The Carlton Inn lies in the quaint old village of Carlton Husthwaite. The villages in this area are ancient and rich in history. Carlton Husthwaite itself was mentioned simply as ‘Carelton’ in the Domesday Book during the Medieval period.
The name Carlton Husthwaite
‘Carlton Husthwaite’ is derived from a combination of the Viking word ‘Carl’ meaning free peasants and the Anglo Saxon word ‘ton’ meaning farm or settlement. The Viking words of ‘Hus’ and ‘thwaite’ mean houses and meadow respectively. There are lots of other places of interest around here with unusual names.
Places of worship
Religion has always played a large part in farming folks’ lives. In Carlton Husthwaite, despite having had a population of fewer than 200, there were once two places of worship. The church, dedicated to St Mary, is a Grade II listed building thought to have been erected in 1685. However, there may have been an earlier building on the same site. The Wesleyan Chapel that was built in the village in 1869 is now a private residence.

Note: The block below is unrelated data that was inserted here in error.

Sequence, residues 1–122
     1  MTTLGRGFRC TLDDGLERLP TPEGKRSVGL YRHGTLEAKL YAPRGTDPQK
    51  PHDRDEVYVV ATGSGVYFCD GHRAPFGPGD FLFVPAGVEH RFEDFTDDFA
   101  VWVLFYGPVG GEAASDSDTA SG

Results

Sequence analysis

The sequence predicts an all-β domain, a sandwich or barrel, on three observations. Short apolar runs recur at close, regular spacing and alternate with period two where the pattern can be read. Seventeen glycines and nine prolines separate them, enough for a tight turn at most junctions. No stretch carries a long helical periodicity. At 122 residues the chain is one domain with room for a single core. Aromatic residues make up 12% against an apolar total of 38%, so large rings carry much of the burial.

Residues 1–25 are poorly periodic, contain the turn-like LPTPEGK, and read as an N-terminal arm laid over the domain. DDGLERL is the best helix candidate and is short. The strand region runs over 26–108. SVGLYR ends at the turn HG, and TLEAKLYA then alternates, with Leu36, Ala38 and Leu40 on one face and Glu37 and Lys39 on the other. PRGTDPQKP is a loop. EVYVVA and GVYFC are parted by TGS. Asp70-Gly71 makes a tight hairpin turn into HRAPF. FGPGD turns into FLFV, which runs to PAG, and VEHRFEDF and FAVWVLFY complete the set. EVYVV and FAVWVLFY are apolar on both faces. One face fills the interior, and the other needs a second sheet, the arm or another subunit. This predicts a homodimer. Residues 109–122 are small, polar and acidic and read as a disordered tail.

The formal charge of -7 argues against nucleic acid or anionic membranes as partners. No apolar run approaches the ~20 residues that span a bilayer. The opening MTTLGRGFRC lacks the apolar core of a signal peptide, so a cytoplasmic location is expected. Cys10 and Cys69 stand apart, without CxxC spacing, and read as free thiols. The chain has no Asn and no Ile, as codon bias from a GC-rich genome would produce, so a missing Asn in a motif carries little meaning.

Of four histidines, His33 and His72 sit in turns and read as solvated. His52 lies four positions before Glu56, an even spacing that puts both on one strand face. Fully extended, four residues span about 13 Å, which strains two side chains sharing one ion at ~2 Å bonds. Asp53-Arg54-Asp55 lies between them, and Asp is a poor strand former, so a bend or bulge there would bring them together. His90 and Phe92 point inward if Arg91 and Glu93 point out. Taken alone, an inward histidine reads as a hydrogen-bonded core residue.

The village today
There are lots of wonderful houses in Carlton Husthwaite dating back hundreds of years. It’s well worth a stroll round the village to the see their rooves and timber framing before popping into the Inn for a meal.
The Thatched Cottage is one of Carlton Husthwaite’s architectural gems. It is thought to have been erected as an ‘open hall’ house late in the fifteenth century. It was modernised about a hundred years later with the insertion of a central fire-hood and chimney.
To find out more about the fascinating history of Carlton Husthwaite, please visit http://www.husthwaitehistory.co.uk/gallery.php.